The books Paul has written follow a specific order. Romans focuses on doctrine, 1 and 2 Corinthians focus on reproof, and Galatians focuses on correction. The following three books, Ephesians, Philippians and Colossians, maintain that same theme order. Doctrine gives biblical knowledge of what God wants us to know. Reproof is all about correcting bad behavior. Correction is about correcting wrong ideas about doctrine. 

I and 2 Corinthians are both written to set the Corinthians on the right moral path. They grew up in a pagan society with loose morals and now they had to learn what godly behavior entailed. They had to tear down everything they had learned in order to be built up in the way of the Lord. As they were learning how to live godly lives, they had a number of setbacks. Today, we would probably call them backsliders. They needed to grow up in the doctrine that Paul had taught them. 

Paul, an apostle (verse 1)

Paul continually asserts his authority as an apostle to whom was committed the Gospel of Grace by Jesus Christ. He is shown in 1 Corinthians 9 and again in 2 Corinthians 11 defending and asserting his apostleship to the Corinthians. There were many in the church at Corinth who began following other teachers and were moving away from the doctrine Paul had been teaching. God gave Paul his apostleship to bring about the obedience of faith among the Gentiles (Romans 1:5). Even at the end of his life, he found it necessary to defend his position as an apostle (2 Timothy 1:11). The word apostle literally means a sent one. The 12 Disciples were sent by Jesus (Luke 6:13), Paul was sent by Jesus Christ (Acts 9:15), and even Jesus Christ is an apostle of God the Father because He was sent by the Father (Hebrews 3:1). Other people who were helping Paul in his ministry (Barnabas, Silas, Timothy, etc.) were also sent by Christ (1 Thessalonians 2:6). Apostles were also given the ability, through the Holy Spirit, to do miracles, which are called the signs of an apostle (Acts 2:43; 2 Corinthians 12:12). Another qualification of Apostleship was that they were appointed by God (1 Corinthians 12:27–30; Ephesians 4:11). The Apostles formed the foundation of the church they were building. For the Kingdom church, the foundation was laid by Peter (Matthew 16:18–19). For the Body of Christ, Paul laid the foundation (1 Corinthians 3:10–11). Paul was careful not to build upon Peter’s foundation (Romans 15:20). There are no apostles today because it is not necessary that another foundation be laid to form another church (Ephesians 2:19–22).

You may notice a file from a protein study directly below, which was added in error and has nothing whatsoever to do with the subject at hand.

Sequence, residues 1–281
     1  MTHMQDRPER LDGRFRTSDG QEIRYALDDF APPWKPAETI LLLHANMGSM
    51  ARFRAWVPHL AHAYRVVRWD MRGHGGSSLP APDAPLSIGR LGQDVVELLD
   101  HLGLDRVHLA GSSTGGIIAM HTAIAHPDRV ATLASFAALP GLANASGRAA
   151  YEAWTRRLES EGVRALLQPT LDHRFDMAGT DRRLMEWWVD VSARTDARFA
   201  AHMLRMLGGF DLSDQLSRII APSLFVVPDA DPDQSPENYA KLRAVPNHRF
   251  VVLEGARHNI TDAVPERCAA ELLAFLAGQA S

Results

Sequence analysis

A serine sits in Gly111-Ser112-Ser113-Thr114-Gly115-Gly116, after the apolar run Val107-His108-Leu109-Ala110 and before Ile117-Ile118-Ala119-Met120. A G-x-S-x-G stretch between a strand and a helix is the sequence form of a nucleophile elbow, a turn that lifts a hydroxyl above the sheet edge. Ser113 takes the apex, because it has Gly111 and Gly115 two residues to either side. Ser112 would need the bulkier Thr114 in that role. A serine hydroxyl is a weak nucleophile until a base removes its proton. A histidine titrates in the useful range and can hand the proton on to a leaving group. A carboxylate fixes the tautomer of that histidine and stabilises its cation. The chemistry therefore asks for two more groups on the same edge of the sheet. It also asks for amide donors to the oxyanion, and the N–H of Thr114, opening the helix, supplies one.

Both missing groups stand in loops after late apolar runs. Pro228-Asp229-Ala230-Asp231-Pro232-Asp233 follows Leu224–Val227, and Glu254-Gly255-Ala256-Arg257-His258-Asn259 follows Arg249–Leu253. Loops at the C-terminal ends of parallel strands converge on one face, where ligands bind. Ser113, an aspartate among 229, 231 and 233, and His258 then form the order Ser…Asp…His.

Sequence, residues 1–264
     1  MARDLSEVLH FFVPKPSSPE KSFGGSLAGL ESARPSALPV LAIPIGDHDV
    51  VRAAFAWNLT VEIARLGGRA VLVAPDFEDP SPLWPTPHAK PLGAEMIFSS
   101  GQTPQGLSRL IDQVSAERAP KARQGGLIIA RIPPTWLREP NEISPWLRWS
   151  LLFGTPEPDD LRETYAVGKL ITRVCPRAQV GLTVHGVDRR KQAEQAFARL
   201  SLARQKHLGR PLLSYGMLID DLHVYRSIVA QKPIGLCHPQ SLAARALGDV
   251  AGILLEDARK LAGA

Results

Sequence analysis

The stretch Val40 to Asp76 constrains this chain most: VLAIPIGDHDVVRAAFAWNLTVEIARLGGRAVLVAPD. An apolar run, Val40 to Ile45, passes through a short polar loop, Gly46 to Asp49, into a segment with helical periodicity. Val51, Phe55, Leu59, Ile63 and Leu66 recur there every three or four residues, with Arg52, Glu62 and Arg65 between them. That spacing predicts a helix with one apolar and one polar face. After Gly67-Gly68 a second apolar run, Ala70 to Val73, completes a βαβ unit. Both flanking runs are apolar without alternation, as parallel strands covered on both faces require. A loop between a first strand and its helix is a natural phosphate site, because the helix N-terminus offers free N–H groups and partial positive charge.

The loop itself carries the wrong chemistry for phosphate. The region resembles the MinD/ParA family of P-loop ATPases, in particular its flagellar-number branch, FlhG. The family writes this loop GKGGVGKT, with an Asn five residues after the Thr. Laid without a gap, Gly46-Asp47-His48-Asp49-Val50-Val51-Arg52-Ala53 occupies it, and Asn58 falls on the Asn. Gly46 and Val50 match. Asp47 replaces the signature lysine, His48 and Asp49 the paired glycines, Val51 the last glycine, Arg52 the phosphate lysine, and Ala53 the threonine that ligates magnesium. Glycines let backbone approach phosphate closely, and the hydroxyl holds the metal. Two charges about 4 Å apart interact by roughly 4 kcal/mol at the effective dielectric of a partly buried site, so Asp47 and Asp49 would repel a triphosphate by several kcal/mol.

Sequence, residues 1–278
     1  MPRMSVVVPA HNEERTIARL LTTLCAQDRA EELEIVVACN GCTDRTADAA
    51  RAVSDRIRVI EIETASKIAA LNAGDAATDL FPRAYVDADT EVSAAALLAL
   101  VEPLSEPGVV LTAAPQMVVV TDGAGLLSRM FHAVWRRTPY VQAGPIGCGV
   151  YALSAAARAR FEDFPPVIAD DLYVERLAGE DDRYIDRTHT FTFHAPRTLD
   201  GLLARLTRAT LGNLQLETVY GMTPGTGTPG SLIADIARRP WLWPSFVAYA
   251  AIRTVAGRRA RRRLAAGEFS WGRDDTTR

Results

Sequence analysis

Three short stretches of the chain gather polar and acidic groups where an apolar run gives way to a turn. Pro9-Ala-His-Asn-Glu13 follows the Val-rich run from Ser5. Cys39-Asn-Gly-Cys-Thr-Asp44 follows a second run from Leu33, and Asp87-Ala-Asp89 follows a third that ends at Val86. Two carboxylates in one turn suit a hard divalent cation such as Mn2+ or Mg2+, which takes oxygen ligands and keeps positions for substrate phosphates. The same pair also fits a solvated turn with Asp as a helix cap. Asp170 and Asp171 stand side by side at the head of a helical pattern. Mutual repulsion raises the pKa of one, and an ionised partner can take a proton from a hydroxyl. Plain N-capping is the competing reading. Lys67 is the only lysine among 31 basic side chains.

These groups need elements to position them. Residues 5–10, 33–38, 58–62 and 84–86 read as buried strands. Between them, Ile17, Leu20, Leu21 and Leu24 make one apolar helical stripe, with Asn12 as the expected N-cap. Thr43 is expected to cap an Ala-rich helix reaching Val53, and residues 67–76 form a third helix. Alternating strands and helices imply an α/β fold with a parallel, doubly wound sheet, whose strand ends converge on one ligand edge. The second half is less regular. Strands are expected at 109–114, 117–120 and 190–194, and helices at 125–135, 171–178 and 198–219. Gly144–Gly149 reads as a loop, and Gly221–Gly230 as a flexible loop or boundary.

Saints (verse 2)

The Corinthians were a bunch of carnal Christians. They were a product of their worldly environment and struggled to understand what it meant to be godly. In spite of their carnal behavior, Paul still calls them saints (1 Corinthians 1:2). It’s obvious that those who were saved were going to remain saved because they were washed, sanctified, and justified (1 Corinthians 6:11). They may not have been living a godly life, but they were still eternally secure.

Some Bible versions say that Paul was writing to believers who were “called to be” saints. The phrase to be is not in the original Greek and really muddles what Paul is saying.  A literal translation of the Greek would say that Paul was writing to the sanctified, the ones called saints. Those who defend that they were called to be saints say that it is related to verse one where Paul was called to be an apostle. They say he was called to the office of apostle, like the believers were called to the office of saint.

The first problem with this is that as saints, we are not put into an office, instead, we are occupying a position because we have been justified. Second, the Greek does not say that Paul was called to be an apostle, merely that he is called an apostle. Again, the phrase to be is not in the original Greek, but was added by the translators. I believe the meaning is much clearer when the phrase to be is eliminated. Paul was an apostle just like the believers were saints.